According to a recent communique from Friends of the Lubicon, TransCanada officials have decided to proceed with their application to build a new jumbo gas pipeline across unceded Lubicon Territory.
Not too long ago they were asked to alter their ‘project timelines’ until they adequately respond to the social, environmental, and cultural concerns held by the Lubicon Cree Nation. However, it would seem Transcanada is not the least bit interested in doing so. The same can also be said about Shell, Suncor, Imperial Oil, Exxon Mobile, Cargill and Nexen — all of whom leaped forward over the last four days to support the pipeline. And let’s not forget the Provincial and Federal Government, who’ve systematically denied the Lubicon their rights for years.
Weighing all this in, we find the Lubicon facing the prospect of irreparable social, cultural, economic, and physical destruction.
The reason for this is pretty straight forward: Companies have been illegally exploiting the resources on Lubicon territory for the last 28 years. Over that period of time, an estimated $13 billion in oil & gas revenues from over 1700 wells have been taken without the consent of the Lubicon, who themselves have yet to receive a single cent. In fact, this unbridled and illegal resource exploitation has had the opposite effect on the Lubicon, as is so often the case when it comes to Indigenous People and Development. It has impoverished the Lubicon.
For example, according to statistics gathered in the late 1980’s, 30 years ago less than 10 percent of the Lubicon depended on welfare subsistence. Now it’s over 90 percent. They also suffer from a wide-range of social and health-related problems that were previously unheard of: cancer, tuberculosis, miscarriages, skin diseases, substance abuse, and youth suicide to name a few.
The situation is still no better today, as we were reminded by Cosanna Preston during last summer’s National Day of Action:
Despite the location of their traditional territory in Alberta, the richest province in the country, the Lubicon Cree have been sentenced to a life of tragedy. Since the 1930s they have struggled to settle their land claim but today over 70 years later they remain totally disenfranchised –shunned by both the provincial and federal government — and left to fight for their very existence.
Imagine a community with no running water, where temperatures bottom-out below minus 40 degrees Celsius and the closest bathroom is an outhouse across the yard, through knee-deep snow. Imagine a community where a single 900-foot house is home to three generations with hammocks, couches, and cushions as make-shift beds; where tuberculosis lurks in the close-knit quarters and gas flares light up the windows, outpacing the morning sun. Imagine a community which sustained itself and its environment for hundreds of years but was swiftly destroyed and degraded in just four short years of oil development.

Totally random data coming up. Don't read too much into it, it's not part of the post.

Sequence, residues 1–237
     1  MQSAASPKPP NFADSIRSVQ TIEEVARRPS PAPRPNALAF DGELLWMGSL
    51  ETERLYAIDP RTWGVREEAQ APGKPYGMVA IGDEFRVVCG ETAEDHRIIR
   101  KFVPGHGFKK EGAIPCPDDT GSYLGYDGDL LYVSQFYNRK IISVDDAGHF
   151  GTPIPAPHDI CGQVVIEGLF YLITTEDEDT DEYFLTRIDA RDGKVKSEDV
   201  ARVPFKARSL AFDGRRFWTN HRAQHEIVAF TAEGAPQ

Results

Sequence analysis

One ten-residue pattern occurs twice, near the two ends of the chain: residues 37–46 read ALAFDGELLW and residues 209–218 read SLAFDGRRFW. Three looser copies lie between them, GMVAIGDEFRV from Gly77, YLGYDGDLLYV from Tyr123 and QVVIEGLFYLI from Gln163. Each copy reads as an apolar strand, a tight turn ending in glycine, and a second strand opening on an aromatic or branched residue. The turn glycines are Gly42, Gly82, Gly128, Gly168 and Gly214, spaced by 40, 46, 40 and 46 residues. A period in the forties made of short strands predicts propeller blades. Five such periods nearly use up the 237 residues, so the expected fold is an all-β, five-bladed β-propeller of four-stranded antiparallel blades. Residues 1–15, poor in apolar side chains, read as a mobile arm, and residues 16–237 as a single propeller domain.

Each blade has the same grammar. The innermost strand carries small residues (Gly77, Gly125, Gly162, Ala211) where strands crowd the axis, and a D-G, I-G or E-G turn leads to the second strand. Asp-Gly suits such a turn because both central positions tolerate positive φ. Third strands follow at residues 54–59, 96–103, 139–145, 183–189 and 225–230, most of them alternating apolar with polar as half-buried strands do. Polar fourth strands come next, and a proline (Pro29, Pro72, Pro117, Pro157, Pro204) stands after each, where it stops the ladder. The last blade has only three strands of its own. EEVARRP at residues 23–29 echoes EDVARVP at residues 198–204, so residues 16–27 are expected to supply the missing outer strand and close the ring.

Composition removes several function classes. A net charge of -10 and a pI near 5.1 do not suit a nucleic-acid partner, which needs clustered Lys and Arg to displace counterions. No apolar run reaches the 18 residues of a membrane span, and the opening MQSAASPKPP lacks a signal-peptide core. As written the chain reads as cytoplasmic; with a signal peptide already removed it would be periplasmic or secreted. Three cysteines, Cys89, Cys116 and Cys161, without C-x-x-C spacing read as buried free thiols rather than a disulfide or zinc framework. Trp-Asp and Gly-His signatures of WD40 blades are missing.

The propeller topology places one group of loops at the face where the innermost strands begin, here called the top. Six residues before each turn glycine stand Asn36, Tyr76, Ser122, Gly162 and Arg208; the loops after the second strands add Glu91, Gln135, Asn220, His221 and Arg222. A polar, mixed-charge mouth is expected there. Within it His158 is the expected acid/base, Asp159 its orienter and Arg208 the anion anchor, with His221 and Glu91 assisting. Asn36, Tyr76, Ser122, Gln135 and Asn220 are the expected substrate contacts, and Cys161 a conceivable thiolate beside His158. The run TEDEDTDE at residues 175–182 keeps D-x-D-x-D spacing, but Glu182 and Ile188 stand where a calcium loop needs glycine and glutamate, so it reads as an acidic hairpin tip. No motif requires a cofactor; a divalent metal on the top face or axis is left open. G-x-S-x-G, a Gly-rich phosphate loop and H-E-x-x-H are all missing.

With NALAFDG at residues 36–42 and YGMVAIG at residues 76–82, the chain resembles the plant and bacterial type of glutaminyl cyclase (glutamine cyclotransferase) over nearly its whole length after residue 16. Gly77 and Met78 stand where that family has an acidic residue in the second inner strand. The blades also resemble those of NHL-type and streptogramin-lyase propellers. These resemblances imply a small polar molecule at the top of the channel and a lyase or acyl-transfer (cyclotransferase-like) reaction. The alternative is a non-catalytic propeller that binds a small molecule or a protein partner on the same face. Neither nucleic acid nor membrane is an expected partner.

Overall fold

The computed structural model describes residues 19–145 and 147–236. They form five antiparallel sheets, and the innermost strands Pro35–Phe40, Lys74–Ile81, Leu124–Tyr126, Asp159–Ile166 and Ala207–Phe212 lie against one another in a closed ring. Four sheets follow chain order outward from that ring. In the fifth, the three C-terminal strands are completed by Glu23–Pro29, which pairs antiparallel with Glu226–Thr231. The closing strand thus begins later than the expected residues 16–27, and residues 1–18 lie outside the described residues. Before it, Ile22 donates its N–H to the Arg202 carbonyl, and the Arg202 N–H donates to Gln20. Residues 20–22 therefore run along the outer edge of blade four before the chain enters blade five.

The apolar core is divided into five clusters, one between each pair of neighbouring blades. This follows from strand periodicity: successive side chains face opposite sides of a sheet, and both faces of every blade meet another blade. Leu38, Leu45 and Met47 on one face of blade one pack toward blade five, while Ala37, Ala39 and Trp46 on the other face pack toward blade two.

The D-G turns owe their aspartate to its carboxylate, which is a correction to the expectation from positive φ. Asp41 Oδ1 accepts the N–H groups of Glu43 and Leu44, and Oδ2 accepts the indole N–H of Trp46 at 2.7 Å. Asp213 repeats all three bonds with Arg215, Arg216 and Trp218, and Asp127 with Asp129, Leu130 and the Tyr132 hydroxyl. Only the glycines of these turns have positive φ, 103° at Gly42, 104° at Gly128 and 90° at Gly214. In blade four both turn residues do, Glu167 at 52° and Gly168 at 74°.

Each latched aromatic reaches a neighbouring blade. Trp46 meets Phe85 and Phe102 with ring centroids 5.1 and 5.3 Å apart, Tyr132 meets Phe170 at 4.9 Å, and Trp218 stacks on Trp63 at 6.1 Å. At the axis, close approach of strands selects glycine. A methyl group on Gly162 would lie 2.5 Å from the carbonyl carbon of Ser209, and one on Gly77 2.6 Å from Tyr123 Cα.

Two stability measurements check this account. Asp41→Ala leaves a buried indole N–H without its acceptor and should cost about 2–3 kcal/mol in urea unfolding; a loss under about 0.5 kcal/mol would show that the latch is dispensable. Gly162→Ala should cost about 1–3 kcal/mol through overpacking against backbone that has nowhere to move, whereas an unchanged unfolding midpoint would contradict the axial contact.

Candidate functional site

Now imagine that community in the praised ‘first-world’ country, Canada. This is the plight of the Lubicon Cree.
Government agencies continue to fabricate claims that potable water resides in the community’s water tank. Members of the Lubicon Cree communities presently car pool to purchase water jugs from nearby towns. The water, explained Councillor Larry Ominayak, makes one’s skin itch and flake when showering. When boiled, an oily scum coats the top. Few dare to actually drink it.
This completely preventable, ongoing human rights catastrophe is no less than an act of developmental genocide; one that the government deliberately enables by their refusal to comply with their own law and unwillingness to respect the rights of the separate and distinct Lubicon Cree Nation. The most they’ve ever really done is offer a demeaning ‘take it or leave it‘ settlement package, something that was beyond unacceptable to the Lubicon.
A Crown corporation, TransCananda follows Canada’s lead to a “T”. They’ve only ever issued strongly-worded statements that talk about how much ‘they respect the rights of the Lubicon’, about ‘how dedicated they are’ to their financial prosperity and physical well-being. But of course, when it came time to actually do it — well, they just didn’t.
At the rate things are going right now, things are not going to be getting better for the Lubicon anytime in the near or distant future.
If you’d like to learn more, please see /www.lubicon.org, or email the Friends of the Lubicon, email@example.com
Here’s a few things you can do to help and support the Lubicon—but please keep in mind that in order for this situation to be adequately addressed, it’s really going to take more that a few words on our part. This has to be made into a public issue… There are so few people talking about this right now, let alone aware that it’s being done in their name.
1. Phone TransCanada Pipelines — toll free 1.800.661.3805 (or in Calgary at 403-920-2000)
2. Email the CEO of TransCanada, Harold Kvisle, c/o his “Associate” Janna Leberge at: firstname.lastname@example.org
If you like you can also cc a copy to Premier Stelmach at: email@example.com
and most definitely please copy the new Alberta Utilities Commission Chairman Willie Grieve c/o Acting Chair Carolyn Dahl Rees at: firstname.lastname@example.org
3. Join The National Lubicon Petition Campaign, which aims at calling on the government to resume negotiations with the Lubicon Nation. There’s a petition (pdf) as well as a flyer (pdf) you can print out.
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